I saw the latest Purina Friskies video "Dear Kitten, Regarding the Dog" and wondered if this was the future of political ads. Not only did the three-plus minute video prove, once again, that cats rule the internet, it also exemplifies the rise of storytelling in branding and persuasion ads. In a throwback to the golden age of radio and TV, commercials are now telling complete stories as part of a sponsorship (as contrasted to an advertisement), complete with strong product placement in a sometimes otherwise irrelevant story. The Friskies ad (one of a series), features a Seinfeld-quality script that sucks you into the cats' world, a world where Friskies makes repeated cameos. The result was lots of laughs and more than five million views in the first five days.
The rise of storytelling ads shows that we are entering the Age of Social Media Theater (Twitter Theater, YouTube Theater, etc.). Social Media Theater is a whole new way of storytelling that is transforming advertising. Sometimes the ads tell a story with obvious ties to the product or brand. Other times, the story may seem like it has nothing to do with what is being sold. For example, while probably too risqué for politics, this video ad, "Swarovski and Sister by Sibling present a film by Ellen von Unwerth," pushes the limit of a YouTube story video to sell a brand.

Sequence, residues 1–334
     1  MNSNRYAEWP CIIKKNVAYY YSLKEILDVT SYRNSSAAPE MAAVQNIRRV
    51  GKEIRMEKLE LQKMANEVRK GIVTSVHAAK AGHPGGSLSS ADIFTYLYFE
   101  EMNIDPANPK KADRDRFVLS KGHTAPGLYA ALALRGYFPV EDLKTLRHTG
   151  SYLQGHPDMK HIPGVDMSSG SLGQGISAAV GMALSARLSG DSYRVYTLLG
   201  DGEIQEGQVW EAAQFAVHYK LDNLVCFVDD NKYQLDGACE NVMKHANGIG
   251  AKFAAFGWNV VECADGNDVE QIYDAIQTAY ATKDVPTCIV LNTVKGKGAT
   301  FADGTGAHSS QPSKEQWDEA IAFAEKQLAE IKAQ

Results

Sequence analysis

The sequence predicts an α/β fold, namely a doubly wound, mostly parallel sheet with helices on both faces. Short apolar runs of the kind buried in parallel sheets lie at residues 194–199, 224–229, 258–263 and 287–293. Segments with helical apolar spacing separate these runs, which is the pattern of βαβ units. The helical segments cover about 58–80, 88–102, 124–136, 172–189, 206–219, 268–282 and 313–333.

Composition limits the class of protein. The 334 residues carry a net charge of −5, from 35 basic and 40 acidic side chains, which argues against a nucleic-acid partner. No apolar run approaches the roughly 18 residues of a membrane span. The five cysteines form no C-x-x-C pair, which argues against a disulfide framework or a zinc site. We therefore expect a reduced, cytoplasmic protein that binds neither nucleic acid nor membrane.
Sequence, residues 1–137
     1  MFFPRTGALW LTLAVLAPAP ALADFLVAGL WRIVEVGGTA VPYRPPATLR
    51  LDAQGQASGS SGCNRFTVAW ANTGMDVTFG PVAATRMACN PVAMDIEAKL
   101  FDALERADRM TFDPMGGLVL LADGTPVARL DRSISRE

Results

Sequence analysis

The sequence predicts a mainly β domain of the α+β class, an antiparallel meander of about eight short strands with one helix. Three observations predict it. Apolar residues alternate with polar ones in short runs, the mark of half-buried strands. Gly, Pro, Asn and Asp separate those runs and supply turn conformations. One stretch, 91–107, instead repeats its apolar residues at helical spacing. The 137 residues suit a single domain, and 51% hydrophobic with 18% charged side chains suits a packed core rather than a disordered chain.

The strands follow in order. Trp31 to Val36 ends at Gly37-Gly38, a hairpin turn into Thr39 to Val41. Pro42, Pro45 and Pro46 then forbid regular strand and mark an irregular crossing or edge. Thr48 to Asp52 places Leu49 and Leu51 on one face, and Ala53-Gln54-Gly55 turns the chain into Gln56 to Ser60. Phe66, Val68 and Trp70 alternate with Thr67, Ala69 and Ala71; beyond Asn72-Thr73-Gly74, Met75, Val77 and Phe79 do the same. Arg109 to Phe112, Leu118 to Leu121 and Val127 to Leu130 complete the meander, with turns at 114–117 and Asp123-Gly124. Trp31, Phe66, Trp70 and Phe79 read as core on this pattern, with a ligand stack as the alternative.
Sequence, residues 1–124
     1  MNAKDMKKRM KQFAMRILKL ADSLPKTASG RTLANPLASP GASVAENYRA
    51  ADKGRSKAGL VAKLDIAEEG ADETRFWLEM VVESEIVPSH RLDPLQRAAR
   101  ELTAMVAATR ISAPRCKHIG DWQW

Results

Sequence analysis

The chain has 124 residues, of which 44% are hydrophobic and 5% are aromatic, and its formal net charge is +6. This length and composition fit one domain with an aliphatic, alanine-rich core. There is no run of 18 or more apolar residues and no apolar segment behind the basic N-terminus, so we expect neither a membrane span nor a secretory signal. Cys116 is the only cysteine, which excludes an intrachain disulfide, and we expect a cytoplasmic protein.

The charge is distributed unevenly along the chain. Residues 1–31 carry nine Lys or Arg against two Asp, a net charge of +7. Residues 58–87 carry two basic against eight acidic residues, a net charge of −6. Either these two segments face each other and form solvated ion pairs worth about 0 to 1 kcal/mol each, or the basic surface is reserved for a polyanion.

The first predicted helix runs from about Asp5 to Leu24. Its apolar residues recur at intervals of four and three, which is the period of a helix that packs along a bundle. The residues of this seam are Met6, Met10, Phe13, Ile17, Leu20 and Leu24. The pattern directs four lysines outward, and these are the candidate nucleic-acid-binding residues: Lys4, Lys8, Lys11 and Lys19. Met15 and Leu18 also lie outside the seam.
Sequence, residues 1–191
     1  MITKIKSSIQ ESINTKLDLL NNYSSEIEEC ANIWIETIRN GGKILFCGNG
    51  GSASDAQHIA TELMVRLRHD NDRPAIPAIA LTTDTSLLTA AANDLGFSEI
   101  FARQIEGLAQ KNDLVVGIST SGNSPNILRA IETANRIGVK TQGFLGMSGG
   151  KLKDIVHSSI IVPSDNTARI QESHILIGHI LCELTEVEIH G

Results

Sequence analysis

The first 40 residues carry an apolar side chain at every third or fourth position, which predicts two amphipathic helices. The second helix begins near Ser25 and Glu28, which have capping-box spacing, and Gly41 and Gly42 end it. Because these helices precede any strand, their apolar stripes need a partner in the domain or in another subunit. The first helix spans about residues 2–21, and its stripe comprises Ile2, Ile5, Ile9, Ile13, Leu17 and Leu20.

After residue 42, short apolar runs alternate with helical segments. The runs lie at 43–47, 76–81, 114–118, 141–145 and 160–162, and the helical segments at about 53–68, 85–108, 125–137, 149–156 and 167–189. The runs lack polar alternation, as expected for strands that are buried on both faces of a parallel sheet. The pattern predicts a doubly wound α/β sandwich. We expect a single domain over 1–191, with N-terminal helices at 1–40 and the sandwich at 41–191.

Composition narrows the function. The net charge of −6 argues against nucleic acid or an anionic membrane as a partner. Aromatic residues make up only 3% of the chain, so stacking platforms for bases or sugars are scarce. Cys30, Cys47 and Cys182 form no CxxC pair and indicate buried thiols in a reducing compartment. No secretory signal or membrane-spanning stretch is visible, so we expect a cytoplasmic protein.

These slick video stories are longer than the YouTube video we were told to make and far more polished than most of us can afford, but they both use the power of a compelling story to suck the audience in, where they deliver us a sticky brand. We remember the cats were eating Friskies and the twins were sparkling with Swarovski crystals. In political ad history, Reagan's "Morning in America" and "The Bear in the Woods" ads approach this storytelling ideal as it brands the Reagan presidential campaign as a fresh start at home, while subtly reminding us of the big, bad Russian bear out there that wants to eat us.
Creating stories with social media-social media theater, if you will-comes in many forms. The examples above start with a video. The video telling the story can be posted to YouTube, Facebook or any other social media video platform. Then it can be shared on a variety of other social media channels. The videos can be viewed within the platforms of Twitter, Facebook, Google+, tumblr, Pinterest and blogs. In other words, the video is on a social media platform and then shared via other social media platforms.
Regardless of the venue, the construction and delivery of a story with multiple characters, a crafted script and effective product/brand placement is the vehicle for conveying the message to the audience. If we applied the Dear Kitten motif to an election, we might have one candidate crafting a Dear Voter, Regarding the Other Candidate story to highlight the opponent's flaws in a comical way. And if the actors are all cats and dogs, well, you know it will rule the internet.